Dyncorp Has Huge Presence in U.S. Government

In the terror-conscious post-Sept. 11 world, DynCorp (search), the employer of the three security guards killed in the Mideast bombing Wednesday, has become the 10th-largest contractor of the U.S. government.

With more than 23,000 employees, DynCorp's duties are as varied as maintaining military aircraft in the Middle East and furnishing international police monitors in Bosnia (search) and East Timor (search).

In Iraq, DynCorp has a $50 million State Department contract to send up to 1,000 former police officers to train Iraqi police and advise the occupation administration on reorganizing the country's law enforcement agencies, according to the research firm Hoover's.

DynCorp employees also help guard Afghanistan's leader.

And a DynCorp subcontractor was killed last month when the U.S. plane he piloted was shot down over Colombia, apparently by anti-government rebels.

DynCorp's federal contracts in 2002 were just over $2.1 billion, up $700 million from the previous year.

Its employees took U.S. military equipment to the Middle East before the war against Iraq. The company also produces smallpox and anthrax vaccines for the war against terror.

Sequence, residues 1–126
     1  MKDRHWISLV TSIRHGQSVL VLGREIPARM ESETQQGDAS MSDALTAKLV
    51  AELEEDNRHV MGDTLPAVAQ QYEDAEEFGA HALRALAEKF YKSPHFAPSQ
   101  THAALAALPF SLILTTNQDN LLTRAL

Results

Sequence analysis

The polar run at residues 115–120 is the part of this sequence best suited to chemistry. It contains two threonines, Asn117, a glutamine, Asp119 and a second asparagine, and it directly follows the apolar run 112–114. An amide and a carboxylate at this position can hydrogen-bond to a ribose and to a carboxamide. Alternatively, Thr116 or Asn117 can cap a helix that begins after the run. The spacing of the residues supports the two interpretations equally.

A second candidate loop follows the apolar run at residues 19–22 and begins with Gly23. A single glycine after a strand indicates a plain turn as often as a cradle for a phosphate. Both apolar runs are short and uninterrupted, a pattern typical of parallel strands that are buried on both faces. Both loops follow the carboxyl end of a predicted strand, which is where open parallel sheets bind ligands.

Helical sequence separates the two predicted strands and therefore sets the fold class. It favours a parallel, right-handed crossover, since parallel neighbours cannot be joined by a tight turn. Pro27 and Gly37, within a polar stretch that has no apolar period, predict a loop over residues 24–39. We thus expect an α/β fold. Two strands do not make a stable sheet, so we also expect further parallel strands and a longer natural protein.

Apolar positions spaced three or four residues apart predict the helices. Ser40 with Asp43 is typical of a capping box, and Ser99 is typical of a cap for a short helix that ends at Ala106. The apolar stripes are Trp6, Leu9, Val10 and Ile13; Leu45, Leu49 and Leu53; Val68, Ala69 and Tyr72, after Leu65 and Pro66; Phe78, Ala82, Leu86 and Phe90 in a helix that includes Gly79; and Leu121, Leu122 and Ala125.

Information technology is the other side of DynCorp's business. It networks all U.S. embassies abroad. It also built a 29,000-terminal computer network for the FBI.

All of this has made the Reston, Va.-based company highly attractive from a business standpoint. In March, DynCorp was purchased for $950 million by El Segundo, Calif.-based Computer Sciences Corp. (search

A U.S. official, speaking on condition of anonymity, described DynCorp's work in Israel preceding Wednesday's fatal bombing attack.

As violence has flared between Palestinians and Israelis in recent months, contract security personnel from the company have helped to guard the armored-car convoys that carry U.S. diplomats into the West Bank and Gaza, said the official.

Typically, such a convoy — whether for routine daily business or for peace-monitoring missions — would consist of three or four armored vehicles containing one armed State Department diplomatic security official, plus several other contract security people from DynCorp, in addition to the diplomats, the official said.